I had to laugh about this exchange at foodnavigator-usa, titled with the industry-friendly headline, “Whether yogurt is a health food or junk food depends on who is talking.” (No, it’s not just he-said-she-said.)
I hope you've noticed that Dr. Pamela Peeke and I collaborated on an interview, posted just below this one on the blog. There'll be another one, too, when I'm done transcribing and editing the chat for a print version. The following isn't going to be in the edited version, for editor's reasons, but I neither did I want to let it slide completely from notice, also for obvious reason. We were talking about the good and bad things about being an author when she said,
Welcome to another episode of “10 Words or Less,” in which I ask brief questions of interesting people and ask brief answers in return. Today’s guest is vice president for business and social purpose at the PR behemoth Edelman, but has written for GreenBiz, Forbes, and the Wall Street Journal on CSR and sustainability issues for years. Remember, “10 Words” is an ethic, not a limit, so to those of you at home, please, no counting. If you think it’s so easy, let’s see you do it on the fly.
Name Aman Singh
Born when, where New Delhi, India, Sept. 15.
The year? "Earlier in the decade of the gas leak in Bhopal."
Anything notable about the circumstances? "At that time, parents did not find out the sex of their child. My parents wanted a boy, had a boy’s name picked out, but they had a girl and stuck with the name."
How's that working for you? "I think it empowered me. My name in Punjabi, which is my native language, means peace. I’m quite the contrarian, but they had the right thought in mind."
Where do you live? "New Jersey."
Family circumstance "I’m happily married to a car geek, also from my hometown Delhi, and we have a 14-month-old son."
When did you move to the US? "2003."
An early influence outside your immediate family "A TV journalist in india, Barkha Dutt. She was one of the first women journalists to really emerge on the broadcast scene and report on hard issues like war."
First paying job "A small website in New Delhi focused on investigative journalism. I was just out of high school, waiting to hear back from my college choices, and I knew I wanted to do journalism but wasn’t really sure what that would involve. I was their first beat reporter, covering one the many political parties in New Delhi."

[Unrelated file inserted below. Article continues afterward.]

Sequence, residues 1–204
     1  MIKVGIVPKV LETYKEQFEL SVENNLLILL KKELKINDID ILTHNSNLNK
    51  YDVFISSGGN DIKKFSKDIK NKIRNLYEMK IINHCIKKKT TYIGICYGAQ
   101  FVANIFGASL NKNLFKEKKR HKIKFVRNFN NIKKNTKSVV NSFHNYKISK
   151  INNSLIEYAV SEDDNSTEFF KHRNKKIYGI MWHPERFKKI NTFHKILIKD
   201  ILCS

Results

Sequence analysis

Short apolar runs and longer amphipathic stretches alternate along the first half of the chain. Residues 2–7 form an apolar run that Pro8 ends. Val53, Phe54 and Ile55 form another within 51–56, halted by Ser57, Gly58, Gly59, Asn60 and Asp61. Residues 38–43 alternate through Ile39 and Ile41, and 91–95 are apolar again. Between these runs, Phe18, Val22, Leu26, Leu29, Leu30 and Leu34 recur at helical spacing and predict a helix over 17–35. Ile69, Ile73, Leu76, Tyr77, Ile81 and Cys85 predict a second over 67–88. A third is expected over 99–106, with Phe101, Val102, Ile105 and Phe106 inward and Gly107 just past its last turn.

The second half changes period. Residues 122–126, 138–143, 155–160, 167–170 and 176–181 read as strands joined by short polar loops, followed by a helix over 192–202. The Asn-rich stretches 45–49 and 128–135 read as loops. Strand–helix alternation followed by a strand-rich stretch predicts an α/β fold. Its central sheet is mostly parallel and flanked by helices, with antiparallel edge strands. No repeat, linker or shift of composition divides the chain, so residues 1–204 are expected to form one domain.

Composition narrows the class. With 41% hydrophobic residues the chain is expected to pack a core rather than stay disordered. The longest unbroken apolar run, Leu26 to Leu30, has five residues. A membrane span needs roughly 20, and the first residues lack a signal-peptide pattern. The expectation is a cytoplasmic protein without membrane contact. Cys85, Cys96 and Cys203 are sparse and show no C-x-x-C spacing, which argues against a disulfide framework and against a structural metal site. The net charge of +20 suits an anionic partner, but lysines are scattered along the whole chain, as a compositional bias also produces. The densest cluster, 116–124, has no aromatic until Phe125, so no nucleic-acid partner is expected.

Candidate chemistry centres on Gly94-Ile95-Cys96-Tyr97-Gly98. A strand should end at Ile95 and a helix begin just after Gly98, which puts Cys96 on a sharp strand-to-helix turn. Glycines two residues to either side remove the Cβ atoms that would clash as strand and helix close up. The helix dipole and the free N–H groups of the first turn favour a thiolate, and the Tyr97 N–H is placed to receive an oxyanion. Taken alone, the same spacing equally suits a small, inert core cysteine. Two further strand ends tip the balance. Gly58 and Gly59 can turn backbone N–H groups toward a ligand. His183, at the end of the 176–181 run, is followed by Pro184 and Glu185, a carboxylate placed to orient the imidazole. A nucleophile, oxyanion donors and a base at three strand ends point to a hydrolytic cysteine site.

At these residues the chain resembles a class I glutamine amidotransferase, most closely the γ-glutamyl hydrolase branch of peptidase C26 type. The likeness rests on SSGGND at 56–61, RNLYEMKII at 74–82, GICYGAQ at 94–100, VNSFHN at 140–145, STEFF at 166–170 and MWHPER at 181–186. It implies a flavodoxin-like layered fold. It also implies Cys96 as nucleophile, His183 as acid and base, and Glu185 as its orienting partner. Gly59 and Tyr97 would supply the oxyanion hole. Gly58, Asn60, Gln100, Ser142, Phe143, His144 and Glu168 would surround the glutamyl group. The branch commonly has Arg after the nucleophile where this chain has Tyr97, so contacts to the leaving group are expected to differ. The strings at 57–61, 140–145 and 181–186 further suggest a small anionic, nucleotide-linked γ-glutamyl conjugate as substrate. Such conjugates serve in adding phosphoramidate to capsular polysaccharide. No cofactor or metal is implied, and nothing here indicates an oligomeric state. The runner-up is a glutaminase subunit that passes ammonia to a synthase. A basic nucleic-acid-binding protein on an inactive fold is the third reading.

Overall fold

My committedly curmudgeonly friend Alex Beam used to have an evergreen column about people with the same names. I was always disappointed that when he wrote of the Doug Browns, he didn't include my pal Doug, of the ESPN Browns. (I seem to recall I may not be recalling this anecdote precisely, but I can count on Alex to correct me.)
Among the tidbits learned in our conversation: The only hint she'll give to her age, how to become a New York Times best-seller, and the unexpected wisdom culled from her many TV appearances.
Aman and I had a great conversation, running about 27 minutes, about her and about her work as a stalwart in the fields of CSR and sustainability. She's been CSRwire's editorial director; written for the Wall Street Journal, Greenbiz, Forbes, and others; and is now a veep at the PR firm Edelman. In a week or so, I'll also publish an edited-text version of the interview as well.
I’ve been reading the excellent report, “Kids Unbranded,” created by the Center for the New American Dream, and hope you will too. It does a wonderful job both stating the problems created by commercial exploitation of children and offering tactics that individuals can use to fight that exploitation.
Did you know that the first three characters ever typed on the Internet were L-O-L?
No, this is not a joke. It’s a tiny bit of knowledge identified as interesting by someone who does that all the time: Ira Flatow (right), founder and principle voice of the public radio show Science Friday.
On Oct. 24, he was interviewing Charlie Kline, who entered those (and other) letters on Oct. 29, 1969, but had never himself realized that that was kinda funny. Kline was telling the story of the first test of ARPANET, which became the Internet: He was at UCLA, and as a test run, tried to log into a computer at Stanford Research Center in Palo Alto. There were no names and passwords; to log into this computer, one typed, L-O-G-I-N. Kline said that when he typed L, it appeared on the screen in Palo Alto. Same when he typed O. But then the SRI computer crashed.
Writing on ConscienHealth, Ted Kyle talks about the three tribes of obesity, whom he labels the Healthies, the Quants, and the Buttouts.
It’s not hard to see where the sympathies of Kyle, chairman of the Obesity Action Coalition, lie, from his choice of descriptors: In his paragraph on the Heathies, he writes: